South and Southeast Asia account for about 84% of the global chickpea growing area. The crop is mainly rainfed and is grown in the post-rainy season when soil moisture is receding. It often experiences terminal drought and heat stress. Because of the risk of extreme drought and high temperatures during pod filling in the post-rainy season, the growing season is as short as 90–120 days in two thirds of chickpea growing areas. ICRISAT’s first extra-short duration Kabuli cultivar, ICCV 2, matures in only 85–90 days and demonstrates fusarium wilt resistance and heat tolerance. Subsequently, several early-maturing, high-yielding cultivars have been developed, including two new Kabuli types and four Desi types.
Relationship to CSA
Avoiding terminal drought and heat stress by growing shorter-term chickpea varieties provides a substantial contribution to short-term adaptation through climate risk management and avoidance. In addition, the resistance to Fusarium Wilt provides additional adaptation gains. Fusarium wilt infection is favoured by high temperatures and warm moist soils, conditions which climate change projections suggest are likely to become more prevalent in Southeast Asia.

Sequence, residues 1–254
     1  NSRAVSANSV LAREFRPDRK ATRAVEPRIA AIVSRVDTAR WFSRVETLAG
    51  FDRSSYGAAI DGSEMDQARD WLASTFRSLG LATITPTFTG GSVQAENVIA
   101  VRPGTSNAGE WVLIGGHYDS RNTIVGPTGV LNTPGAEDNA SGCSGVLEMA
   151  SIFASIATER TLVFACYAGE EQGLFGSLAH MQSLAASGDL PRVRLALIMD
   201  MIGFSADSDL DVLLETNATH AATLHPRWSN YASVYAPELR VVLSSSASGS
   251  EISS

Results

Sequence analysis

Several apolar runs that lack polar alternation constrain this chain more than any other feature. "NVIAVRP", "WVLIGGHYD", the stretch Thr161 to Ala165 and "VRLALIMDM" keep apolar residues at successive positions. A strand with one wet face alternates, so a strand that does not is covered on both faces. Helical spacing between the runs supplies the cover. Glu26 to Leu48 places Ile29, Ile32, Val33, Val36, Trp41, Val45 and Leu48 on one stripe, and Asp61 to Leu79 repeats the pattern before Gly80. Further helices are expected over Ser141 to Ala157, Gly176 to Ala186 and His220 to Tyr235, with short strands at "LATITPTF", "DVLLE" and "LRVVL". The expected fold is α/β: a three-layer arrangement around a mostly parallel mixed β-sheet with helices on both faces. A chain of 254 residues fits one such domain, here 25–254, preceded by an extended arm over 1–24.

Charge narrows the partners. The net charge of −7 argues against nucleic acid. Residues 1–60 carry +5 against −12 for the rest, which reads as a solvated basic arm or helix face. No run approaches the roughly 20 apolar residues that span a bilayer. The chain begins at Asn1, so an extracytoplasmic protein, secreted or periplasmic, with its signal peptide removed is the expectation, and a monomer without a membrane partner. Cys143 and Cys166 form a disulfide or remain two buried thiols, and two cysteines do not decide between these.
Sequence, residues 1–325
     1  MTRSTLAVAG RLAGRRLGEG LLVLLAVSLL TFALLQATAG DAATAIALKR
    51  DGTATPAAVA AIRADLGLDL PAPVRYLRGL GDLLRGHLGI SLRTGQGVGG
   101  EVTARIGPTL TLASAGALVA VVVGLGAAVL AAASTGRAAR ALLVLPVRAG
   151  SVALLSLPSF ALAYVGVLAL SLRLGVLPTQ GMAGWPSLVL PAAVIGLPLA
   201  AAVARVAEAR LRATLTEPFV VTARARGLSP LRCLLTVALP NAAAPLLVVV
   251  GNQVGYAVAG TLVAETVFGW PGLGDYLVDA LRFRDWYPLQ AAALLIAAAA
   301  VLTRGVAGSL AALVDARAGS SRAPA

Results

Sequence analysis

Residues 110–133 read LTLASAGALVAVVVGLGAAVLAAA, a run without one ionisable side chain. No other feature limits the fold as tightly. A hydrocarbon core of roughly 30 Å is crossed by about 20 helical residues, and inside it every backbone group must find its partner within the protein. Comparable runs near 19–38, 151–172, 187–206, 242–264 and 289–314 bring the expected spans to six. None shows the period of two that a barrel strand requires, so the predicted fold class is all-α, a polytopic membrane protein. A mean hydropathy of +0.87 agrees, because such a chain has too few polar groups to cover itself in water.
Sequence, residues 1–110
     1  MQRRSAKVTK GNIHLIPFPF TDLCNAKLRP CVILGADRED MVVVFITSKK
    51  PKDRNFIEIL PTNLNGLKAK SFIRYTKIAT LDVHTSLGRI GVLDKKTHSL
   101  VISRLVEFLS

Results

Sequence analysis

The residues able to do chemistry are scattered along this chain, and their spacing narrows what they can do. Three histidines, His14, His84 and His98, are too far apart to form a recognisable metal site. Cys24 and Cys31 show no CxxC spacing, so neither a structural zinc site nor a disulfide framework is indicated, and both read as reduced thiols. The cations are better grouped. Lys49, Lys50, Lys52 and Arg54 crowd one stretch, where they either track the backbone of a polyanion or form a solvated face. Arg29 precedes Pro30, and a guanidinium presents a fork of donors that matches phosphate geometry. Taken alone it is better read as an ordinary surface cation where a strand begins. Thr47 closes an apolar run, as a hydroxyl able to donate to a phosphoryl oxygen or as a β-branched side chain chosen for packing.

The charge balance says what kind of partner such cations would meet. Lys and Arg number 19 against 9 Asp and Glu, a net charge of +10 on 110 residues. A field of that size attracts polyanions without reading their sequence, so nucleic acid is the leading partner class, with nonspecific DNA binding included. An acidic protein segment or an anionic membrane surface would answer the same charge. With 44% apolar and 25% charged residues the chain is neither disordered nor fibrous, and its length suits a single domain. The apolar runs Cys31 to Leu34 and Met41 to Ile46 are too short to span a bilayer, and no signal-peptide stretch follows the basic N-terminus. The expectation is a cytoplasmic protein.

Impacts and lessons learned
The adoption of early-maturing chickpea cultivars has brought about a chickpea revolution in the Andhra Pradesh State in India. Chickpea production increased nine-fold, from 95,000 to 884,000 tonnes between 2000–2009. This is a result of a five-fold increase in area (102,000 to 602,000 ha) combined with a 2.4-fold increase in yield levels (583 to 1,407 kg ha-1). Over 80% of the chickpea area in Andhra Pradesh is now cultivated using the improved short-duration cultivars which were developed by ICRISAT and the Indian national agricultural research system. Andhra Pradesh was once considered to be a low yielding state for chickpea because of its warm, short-season environment, but it now has the highest yield levels in India.
ICRISAT. 2012. The Jewels of ICRISAT. Telangana, India: International Crops Research Institute for the Semi-Arid Tropics (ICRISAT).http://www.icrisat.org/jewels/The-Jewels-of-ICRISAT.pdf
The book takes up an idea suggested by our Governing Board to highlight the ‘jewels’ of ICRISAT – the 16 breakthroughs and innovations described in this publication. These stories revolve around and cut across our four research programs: resilient dryland systems; markets, institutions and policies; grain legumes; and dryland cereals. This publication aims primarily to help the reader understand ICRISAT’s core science and our impact in overcoming the daunting challenges of the dryland tropics. Likewise it illustrates the ways in which science can be mobilized to help achieve six critical development outcomes needed to bring about inclusive marketoriented development: food sufficiency, intensification, diversification, resilience, health and nutrition, and the empowerment of women.